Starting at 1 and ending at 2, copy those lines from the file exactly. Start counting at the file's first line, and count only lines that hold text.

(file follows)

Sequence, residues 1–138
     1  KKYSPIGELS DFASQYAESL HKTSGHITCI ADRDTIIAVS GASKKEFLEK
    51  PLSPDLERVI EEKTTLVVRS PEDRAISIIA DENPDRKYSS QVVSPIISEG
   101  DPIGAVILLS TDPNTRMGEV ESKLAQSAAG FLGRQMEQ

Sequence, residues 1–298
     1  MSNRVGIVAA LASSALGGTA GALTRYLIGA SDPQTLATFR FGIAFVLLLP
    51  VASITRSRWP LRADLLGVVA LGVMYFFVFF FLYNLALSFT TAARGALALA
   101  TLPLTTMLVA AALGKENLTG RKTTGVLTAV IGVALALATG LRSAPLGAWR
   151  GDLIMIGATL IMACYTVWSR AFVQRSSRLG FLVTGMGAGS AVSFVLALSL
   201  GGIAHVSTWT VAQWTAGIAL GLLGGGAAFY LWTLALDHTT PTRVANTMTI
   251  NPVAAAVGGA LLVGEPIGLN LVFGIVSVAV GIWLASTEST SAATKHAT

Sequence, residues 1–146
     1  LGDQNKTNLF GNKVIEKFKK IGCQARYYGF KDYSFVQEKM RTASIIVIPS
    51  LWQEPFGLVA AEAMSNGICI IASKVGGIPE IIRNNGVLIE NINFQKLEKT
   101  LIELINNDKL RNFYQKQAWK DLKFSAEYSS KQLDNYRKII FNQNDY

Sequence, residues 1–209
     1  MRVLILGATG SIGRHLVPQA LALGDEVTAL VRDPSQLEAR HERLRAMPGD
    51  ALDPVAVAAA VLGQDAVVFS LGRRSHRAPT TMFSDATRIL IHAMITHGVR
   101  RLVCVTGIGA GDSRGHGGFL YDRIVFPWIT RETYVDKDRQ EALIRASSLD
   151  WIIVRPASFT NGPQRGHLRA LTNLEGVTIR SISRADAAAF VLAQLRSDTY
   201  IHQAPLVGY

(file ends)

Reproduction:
Sequence, residues 1–138
     1  KKYSPIGELS DFASQYAESL HKTSGHITCI ADRDTIIAVS GASKKEFLEK